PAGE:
6 Things to Do Before You Build Your Livestock Fence
Bottom Line Up Front: Proper planning is necessary when building a livestock fence. Determining fencing requirements, locating utilities and property boundaries, and careful measuring are the first steps in building a good fence.
We all know the 4 Ps: Planning Prevents and Poor Performance. It's no different for the projects on your farm, and one project in particular that you'll want to avoid a poor performance on is the fencing you use for your livestock. Poor planning can result in wasted money and time and a fence that doesn't keep your animals contained or safe. Before you head off to your farm supply store, you should go over the steps below to ensure a successful fencing project.
1. Determine What Kind of Fence You Need.
Research fencing requirements to safely contain your livestock. Consider the type of wire you should use as well as space between posts. Also, think not just about the animals you have right now but also any animals you may add in the future. 5 strands of barbed wire may be fine for your cows, but if you add sheep or goats later you will find that same setup is inadequate for keeping smaller animals contained.
Remember the old saying: measure twice and cut once.
2. Locate Underground Utilities.
Oh how I wish I had taken a photo of one of my first disasters in fence building. I was so sure I knew where the city's water line lay, so imagine my surprise when I pulled the auger on the tractor out of the ground and up came a geyser of water behind it! It was a humbling lesson for me. I had called 811, the service you should contact before you dig into the ground. They assist in located underground utilities. But... and this is VERY IMPORTANT... they may not locate all of them. Someone from the power company came out, and another from the phone company, and they marked off the area where lines were. I felt good and proceeded, assuming all applicable utilities had been marked. What I neglected was the message I got in an email back from the 811 service that I would need to call the local municipality for water and gas line location. Thank goodness there was not a gas line in the area!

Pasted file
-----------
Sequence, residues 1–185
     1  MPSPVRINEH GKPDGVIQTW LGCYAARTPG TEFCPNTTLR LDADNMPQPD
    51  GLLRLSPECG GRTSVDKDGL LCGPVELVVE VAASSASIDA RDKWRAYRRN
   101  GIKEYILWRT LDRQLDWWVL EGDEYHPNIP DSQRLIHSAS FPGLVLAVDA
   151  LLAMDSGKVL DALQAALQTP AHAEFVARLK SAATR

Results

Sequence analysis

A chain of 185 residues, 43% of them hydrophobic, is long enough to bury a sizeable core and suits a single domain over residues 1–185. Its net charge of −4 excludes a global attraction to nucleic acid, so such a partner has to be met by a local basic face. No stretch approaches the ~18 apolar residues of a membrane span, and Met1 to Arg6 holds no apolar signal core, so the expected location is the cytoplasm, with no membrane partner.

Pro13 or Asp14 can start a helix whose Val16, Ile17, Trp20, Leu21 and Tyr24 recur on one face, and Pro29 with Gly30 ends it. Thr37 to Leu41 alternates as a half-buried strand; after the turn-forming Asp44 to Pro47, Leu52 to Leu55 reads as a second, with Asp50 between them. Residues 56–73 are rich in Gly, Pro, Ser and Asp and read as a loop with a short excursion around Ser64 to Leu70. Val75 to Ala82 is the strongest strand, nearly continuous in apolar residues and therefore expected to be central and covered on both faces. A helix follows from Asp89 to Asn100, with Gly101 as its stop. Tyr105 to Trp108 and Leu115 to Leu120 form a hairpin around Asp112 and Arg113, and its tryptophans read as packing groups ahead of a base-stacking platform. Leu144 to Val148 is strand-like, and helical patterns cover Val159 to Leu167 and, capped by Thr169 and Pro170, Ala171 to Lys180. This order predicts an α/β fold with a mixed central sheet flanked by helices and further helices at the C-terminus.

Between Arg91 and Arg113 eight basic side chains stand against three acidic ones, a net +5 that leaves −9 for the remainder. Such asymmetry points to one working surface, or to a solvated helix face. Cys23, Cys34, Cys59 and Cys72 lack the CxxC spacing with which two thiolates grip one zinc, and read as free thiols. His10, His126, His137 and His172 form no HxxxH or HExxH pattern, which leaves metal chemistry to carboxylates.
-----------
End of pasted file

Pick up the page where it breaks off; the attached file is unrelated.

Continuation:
So learn from my embarrassment. Check with 811 before you dig, and make sure you know what they do and do not mark. Also be sure to know how close you can dig to marked lines. The 811 rep I spoke with said no closer than 18 inches, but I don't know if that's just for my state or everywhere.
3. Mark Property Lines and Easements.
If applicable, you need to identify the edge of your property so that you're not accidentally fencing in land that belongs to a neighbor, or conversely cutting off area that belongs to you. Likewise you must avoid blocking off an easement area. Check your property's survey or deed for this information. If you don't have one, you can request a copy from your county courthouse. Putting up a fence is hard work. Taking one down that's in the wrong spot is demoralizing.
4. Measure, Mark, and Plan.
Now you know where to put your fence and to stay clear of utilities. Start measuring and marking off where you plan to build the fence. It's a good idea to draw this out on graph paper and spend some time thinking through the design. Consider locations of sizes of gates, feed areas, water lines and troughs, barns, and so on. Also plan for any obstacles or significant terrain you will have to fence around or over.
5. Get the Right Tools.
Just like any project you embark upon, make sure you have all the proper tools on hand to get the job done. Most fence projects will require the tools outlined in my earlier article on the topic.
6. Budget for Fencing Materials.
You've measured, planned, and determined what tools you require. Now list out what materials you need to get the job done. Remember the old saying: measure twice and cut once. If you've done proper planning you will know what materials you need and in what quantities. Price out the materials and check it against your budget. If you want an idea of how much fencing materials cost, here is a link to another article of fencing costs that breaks down the expenses to price per foot for typical sheep and goat fencing..
We've all rushed into a project around the house without the right tools or materials, and maybe spent too much on the wrong supplies at the hardware store. Don't let that happen on your livestock fencing. It's too big and too important of a project, so take the time to plan it out properly so it's done right the first time. You'll be glad you did.